First aid administered when an individual is going through a severe allergic reaction or anaphylaxis, can prove to be life saving. Allergic reactions can occur due to various reasons, and can strike without any prior warning. The reaction can be triggered by insect sting or bite, or even a small amount of allergic substance in their food, water or the surrounding air.
Although most of the allergic reactions aren't life threatening, a small percent of them can prove to be dangerous. Anaphylxis symptoms generally include, severe swelling of lips or eyes and breaking out in hives. There might also be swelling in the inside of the throat, even to the extent of causing shock or difficulty in breathing. Mental confusion, dizziness, abdominal cramping, vomiting, nausea may also come with anaphylaxis.
In case the person knows that they have an allergy, which can result in a life threatening condition, they should carry antihistamines or EpiPen (injectable epinephrine) with them. Make sure you first ask them if they have either of them if they are going through the symptoms. Although EpiPen works fairly quickly, its effects are not long lasting but only temporary. Therefore, it's necessary to follow it up with antihistamines. If they are carrying these with them, just follow the directions given and use them.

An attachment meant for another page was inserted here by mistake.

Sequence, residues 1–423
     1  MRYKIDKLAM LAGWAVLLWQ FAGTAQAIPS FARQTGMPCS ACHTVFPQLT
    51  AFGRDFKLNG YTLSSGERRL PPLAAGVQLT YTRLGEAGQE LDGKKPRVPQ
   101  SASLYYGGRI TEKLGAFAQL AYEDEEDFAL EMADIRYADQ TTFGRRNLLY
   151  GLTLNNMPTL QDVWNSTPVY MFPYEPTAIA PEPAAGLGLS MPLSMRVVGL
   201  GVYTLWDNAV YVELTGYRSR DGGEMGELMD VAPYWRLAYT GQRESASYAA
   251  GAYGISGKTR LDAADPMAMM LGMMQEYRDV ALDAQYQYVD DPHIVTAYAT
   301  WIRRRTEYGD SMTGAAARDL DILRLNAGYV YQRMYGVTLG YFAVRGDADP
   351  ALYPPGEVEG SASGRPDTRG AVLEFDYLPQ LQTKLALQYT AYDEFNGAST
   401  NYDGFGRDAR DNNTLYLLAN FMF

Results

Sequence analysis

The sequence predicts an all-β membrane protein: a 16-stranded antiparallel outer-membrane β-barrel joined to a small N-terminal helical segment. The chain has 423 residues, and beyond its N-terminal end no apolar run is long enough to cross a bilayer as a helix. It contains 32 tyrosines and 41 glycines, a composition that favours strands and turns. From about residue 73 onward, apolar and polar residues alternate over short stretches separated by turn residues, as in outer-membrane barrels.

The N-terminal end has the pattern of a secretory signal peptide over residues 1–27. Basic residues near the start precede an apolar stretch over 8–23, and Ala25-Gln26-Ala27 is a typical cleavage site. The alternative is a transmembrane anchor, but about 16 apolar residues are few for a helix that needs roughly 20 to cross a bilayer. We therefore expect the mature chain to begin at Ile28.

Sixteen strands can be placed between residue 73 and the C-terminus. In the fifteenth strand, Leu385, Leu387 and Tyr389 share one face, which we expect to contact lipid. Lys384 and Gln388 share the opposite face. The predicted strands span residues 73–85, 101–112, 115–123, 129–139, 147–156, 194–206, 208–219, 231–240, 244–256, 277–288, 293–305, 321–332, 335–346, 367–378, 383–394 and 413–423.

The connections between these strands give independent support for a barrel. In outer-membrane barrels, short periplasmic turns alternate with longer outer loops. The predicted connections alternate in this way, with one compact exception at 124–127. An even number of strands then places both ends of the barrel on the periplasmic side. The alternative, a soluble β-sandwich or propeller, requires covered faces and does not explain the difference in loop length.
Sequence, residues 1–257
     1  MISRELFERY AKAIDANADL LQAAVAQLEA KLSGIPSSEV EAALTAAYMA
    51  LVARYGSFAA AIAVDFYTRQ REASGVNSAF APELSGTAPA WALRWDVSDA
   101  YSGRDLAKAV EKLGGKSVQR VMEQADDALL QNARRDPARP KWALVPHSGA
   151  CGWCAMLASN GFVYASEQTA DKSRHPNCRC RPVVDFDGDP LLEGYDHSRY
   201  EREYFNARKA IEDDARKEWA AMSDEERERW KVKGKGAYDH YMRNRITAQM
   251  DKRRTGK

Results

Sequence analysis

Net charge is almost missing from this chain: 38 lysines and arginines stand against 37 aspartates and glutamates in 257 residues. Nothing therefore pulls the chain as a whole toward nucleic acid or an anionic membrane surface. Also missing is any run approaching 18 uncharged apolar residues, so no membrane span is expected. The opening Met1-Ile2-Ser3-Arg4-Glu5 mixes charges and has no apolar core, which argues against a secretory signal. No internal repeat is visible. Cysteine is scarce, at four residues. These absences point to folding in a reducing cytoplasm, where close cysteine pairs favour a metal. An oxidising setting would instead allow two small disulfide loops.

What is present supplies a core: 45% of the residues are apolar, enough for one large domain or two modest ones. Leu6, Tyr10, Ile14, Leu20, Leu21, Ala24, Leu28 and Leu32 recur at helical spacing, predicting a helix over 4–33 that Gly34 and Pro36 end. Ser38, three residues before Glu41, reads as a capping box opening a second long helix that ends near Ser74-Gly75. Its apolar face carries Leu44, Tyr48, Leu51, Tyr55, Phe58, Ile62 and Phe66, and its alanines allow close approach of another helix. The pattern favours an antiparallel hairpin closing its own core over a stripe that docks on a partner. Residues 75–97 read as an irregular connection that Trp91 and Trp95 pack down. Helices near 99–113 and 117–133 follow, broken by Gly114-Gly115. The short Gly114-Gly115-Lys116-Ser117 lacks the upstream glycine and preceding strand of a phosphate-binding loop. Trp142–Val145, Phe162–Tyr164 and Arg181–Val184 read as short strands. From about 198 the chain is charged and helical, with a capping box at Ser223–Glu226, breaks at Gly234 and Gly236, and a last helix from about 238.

The next thing you should do is, call 911 right away for proper assistance or to immediately transport the person to the nearest hospital. Until professional medical help arrives, have them lie down quietly, and if it's possible have their legs elevated a bit more higher than their feet. Keep them under your observation and have a close eye, and in case they vomit, move them slowly to their side.
It's important to keep in mind that an individual will not be prepared if they have never gone through such a reaction before. In such a scenario, first call 911 before doing anything. The medical response team or the ambulance will have the needed equipment with them to begin the treatment.
Then, the person needs to lie down with the head tilting back in order to keep their airway passage open. If there's any over-the-counter antihistamine such as Chlortrimeton or Benadryl available with you, give them one immediately if they are able to swallow. If swallowing is proving to be a problem, open the capsule or crush the tablet and insert the powder under their tongue. Even though this isn't that effective, it may slow down the anaphylaxis until help arrives, since their body is still able to absorb or take in some of the antihistamine.
While you wait for assistance, try to keep them still and quiet and covered with a warm blanket, with their feet slightly raised. This should help in alleviating any major threats to their life.
The steps we discussed in this article have proven to be helpful in such critical situations. It's important to avoid any major danger by taking charge and making yourself aware of what exactly needs to be done.